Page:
Well, it’s that time of the year again. The most watched television event of the year, Super Bowl XLVI. Or 46, for non-Romans. Anyway, it’s a rematch from 2007, the New England Patriots face off against the New York Giants, and seemingly no one outside New York or Boston really cares. We saw this game before, with horrifying results, and no one was impressed then. The real trouble begins when the three best teams, the teams people wanted to see in this game, all lost horrible games in the playoffs. I’m talking about the New Orleans Saints, the Green Bay Packers, and the San Francisco 49ers, three ultimately better teams that just couldn’t hack it against the New York Giants, whom, if you’ll remember, barely won as many games as they lost in the regular season.
But I suppose that’s the nature, and point, of the post-season. You have to win big in big games, or go the fuck home. The 49ers, Saints, and Packers failed horribly to do this, so they indeed went home. But what did it mean to the rest of us? It meant we got a Super Bowl rematch that no one really wanted, and few outside of New York or Boston really cared about.
On to the NFL itself. With their smart-ass “We do this for you” ads, who the fuck do they think they’re joking? Not one of the people that paid $50 for nose bleed seats in the regular season to an Indianapolis Colts game would agree. If they do this for us, then why was there a lock out this past off-season?
Unfortunately, the truth is, because football is a business, just like everything else in our country. There is no such thing as simple entertainment anymore. Our country simply won’t allow it. The Super Bowl itself, the most watched program of all TV programs, has become less a sign of the championship game of the NFL, and more a sign of what multi-hundred million dollar film is opening in theaters sometime in the vague future, which fast food and soft drink companies are struggling for market share, and which popular music artist can be tricked into performing a show that seemingly no one will enjoy, yet everyone will watch.
Many in our society see professional football as a signal that the economy should be imploding. We were able to save our biggest, most wasteful companies like GM and bring them back to the top, only to spend millions advertising them on the biggest spectacle in the world, like there aren’t people starving in the United States. Yet, here are thousands upon thousands of people, paying millions of dollars to watch a football game, one that the nation has seen in the past 5 years, featuring the same players, and eventually, the same result.
Ultimately, the game ended up being pointless, but I suppose the fun is supposed to be watching it. Yet, the 3 hour game takes place in a 5 hour time slot for maximum commercial tie-in, for maximum total profit for all involved. Anyone that thinks they are watching a game and not one of the biggest business transactions of the year is mis-educated about American sports. And when the game turns out exactly as it did a few years ago, people are surprised to the point that UMass students rioted when the same result happened.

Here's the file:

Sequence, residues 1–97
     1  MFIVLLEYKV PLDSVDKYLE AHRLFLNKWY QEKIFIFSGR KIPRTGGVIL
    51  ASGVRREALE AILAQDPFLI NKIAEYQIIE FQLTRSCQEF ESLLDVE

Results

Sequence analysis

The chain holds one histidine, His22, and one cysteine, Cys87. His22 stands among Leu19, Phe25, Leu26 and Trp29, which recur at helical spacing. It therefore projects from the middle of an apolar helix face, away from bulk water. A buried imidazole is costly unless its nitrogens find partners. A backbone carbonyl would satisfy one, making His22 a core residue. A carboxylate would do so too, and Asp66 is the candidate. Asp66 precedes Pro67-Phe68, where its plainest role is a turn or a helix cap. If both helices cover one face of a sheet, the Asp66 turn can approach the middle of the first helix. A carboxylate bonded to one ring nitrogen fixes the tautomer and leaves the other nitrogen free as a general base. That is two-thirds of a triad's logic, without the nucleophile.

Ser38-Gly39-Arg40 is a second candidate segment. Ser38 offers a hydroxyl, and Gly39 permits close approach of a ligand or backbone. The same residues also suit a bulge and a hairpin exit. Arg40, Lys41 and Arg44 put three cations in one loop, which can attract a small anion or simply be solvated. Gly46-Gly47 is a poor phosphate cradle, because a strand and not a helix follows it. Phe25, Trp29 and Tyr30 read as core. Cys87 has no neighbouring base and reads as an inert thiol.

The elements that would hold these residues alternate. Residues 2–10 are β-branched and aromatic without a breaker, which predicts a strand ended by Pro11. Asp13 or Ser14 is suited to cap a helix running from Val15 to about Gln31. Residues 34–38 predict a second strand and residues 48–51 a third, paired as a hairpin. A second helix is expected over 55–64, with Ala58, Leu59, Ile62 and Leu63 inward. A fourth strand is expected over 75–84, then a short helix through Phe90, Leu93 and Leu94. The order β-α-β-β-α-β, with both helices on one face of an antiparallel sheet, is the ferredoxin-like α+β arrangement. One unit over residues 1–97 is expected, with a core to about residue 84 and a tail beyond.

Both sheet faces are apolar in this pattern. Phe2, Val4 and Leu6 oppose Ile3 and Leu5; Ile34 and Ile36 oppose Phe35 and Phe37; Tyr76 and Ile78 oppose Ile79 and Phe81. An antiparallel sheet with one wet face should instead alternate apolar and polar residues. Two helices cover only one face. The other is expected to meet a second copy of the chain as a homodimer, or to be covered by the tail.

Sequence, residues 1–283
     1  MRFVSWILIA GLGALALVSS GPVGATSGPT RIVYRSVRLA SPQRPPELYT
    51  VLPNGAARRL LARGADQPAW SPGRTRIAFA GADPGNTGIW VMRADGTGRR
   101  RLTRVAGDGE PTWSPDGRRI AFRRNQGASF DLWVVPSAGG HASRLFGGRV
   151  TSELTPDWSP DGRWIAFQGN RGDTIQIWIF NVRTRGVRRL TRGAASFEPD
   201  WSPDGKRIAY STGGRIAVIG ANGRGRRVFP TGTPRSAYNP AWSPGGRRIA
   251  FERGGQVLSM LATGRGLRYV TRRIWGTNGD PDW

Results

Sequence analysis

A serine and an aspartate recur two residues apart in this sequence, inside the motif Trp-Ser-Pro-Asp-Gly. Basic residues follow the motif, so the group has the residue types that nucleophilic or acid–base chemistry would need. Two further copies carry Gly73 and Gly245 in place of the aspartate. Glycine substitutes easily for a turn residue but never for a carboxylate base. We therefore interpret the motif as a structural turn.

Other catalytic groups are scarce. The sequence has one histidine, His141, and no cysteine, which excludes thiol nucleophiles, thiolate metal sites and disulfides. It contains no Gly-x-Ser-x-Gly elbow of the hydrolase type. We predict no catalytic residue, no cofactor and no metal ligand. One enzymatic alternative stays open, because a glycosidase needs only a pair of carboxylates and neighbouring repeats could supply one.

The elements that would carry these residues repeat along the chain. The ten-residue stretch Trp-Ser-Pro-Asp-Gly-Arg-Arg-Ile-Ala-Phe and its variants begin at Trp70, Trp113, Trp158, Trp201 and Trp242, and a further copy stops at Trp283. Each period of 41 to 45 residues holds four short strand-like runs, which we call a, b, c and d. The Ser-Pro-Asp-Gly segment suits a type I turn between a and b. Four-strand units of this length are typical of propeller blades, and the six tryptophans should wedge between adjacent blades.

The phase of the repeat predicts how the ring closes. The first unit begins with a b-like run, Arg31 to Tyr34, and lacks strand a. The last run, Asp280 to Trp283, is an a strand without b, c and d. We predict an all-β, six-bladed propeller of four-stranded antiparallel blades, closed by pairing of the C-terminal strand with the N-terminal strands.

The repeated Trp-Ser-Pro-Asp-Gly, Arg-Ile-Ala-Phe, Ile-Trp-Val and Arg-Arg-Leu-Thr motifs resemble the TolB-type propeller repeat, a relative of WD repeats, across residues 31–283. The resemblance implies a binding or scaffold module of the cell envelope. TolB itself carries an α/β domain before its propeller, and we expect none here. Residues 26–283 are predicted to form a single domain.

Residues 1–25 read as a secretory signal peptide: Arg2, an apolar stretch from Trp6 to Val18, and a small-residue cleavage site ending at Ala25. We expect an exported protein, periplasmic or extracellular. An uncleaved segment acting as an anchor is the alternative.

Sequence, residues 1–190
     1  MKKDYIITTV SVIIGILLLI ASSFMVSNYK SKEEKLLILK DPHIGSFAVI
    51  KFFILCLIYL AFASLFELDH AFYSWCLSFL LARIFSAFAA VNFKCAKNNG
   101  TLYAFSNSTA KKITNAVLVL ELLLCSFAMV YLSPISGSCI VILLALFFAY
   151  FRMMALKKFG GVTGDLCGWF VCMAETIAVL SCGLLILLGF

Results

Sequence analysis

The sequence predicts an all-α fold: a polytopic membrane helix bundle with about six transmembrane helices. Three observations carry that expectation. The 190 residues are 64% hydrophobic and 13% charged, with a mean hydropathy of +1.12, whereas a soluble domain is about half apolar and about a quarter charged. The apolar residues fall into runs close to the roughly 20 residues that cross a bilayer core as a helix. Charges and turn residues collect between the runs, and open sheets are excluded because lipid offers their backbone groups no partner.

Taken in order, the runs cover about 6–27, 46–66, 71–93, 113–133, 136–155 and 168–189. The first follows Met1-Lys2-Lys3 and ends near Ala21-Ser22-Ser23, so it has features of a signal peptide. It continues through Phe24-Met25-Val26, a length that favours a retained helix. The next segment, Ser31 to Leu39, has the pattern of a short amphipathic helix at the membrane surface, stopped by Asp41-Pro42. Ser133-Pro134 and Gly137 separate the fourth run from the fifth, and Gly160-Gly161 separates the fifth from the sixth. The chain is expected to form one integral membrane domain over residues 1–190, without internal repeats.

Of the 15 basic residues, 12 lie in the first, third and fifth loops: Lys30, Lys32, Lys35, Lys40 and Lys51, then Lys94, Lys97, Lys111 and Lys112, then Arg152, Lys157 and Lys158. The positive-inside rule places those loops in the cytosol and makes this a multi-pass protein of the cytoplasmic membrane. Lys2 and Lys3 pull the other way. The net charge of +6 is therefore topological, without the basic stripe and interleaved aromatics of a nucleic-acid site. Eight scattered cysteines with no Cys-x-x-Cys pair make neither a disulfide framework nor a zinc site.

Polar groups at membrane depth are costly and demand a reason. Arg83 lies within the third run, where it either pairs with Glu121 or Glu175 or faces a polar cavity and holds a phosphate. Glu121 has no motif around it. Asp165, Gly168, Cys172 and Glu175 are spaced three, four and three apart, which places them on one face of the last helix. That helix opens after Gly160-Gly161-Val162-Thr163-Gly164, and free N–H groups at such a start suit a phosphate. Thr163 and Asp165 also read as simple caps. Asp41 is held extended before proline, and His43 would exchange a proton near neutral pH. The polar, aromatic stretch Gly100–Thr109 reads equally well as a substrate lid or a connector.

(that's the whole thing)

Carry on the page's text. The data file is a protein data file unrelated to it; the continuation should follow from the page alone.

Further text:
Yet, the NFL would argue that this was the best result of the past season. Any team from the NFC would have beat any team that would have qualified for the Super Bowl, so it’s no surprise that the Giants won. If this game was indeed played for us, we would be treated to yearly divisional realignments, rotating television schedules, no TV black outs, and the NFL would be run as a non-profit organization.
Instead, infinitely better games were played in the playoffs, where only the die-hards among football fans and the team’s fans are the ones that really care. Of course, general audiences want to see who will come out as champion of the league, but the passion is gone, and salary caps, trade deadlines, and owner initiated lock outs have come to replace good football with the fans’ entertainment as the ultimate goal. So while the Super Bowl might have been disappointing, that’s just another reason to not watch it, to vote with your dollar by not going to games. Nothing makes me laugh more than seeing a fan on the local news complaining about ticket prices after attending a game. Know who made it that expensive? You, the person that paid the price it’s not worth. If you’re like me, and you feel like the Super Bowl was a waste of time, you only have yourself to blame. I won’t be watching next season, not without some divisional realignments, or some major rule changes. And no, I don’t mean the process of adding more reviews, which has added an average of 20 minutes to each game, I mean rule changes that speed the game up and take away the influence of sponsors and commercial properties. Since I know that won’t happen, I guess I’m done with football. At least with this terrible performance, Tom Brady might be obliged to retire to save the people of Boston from further heartache. On the downside, Eli Manning is encouraged to continue breathing only through his mouth.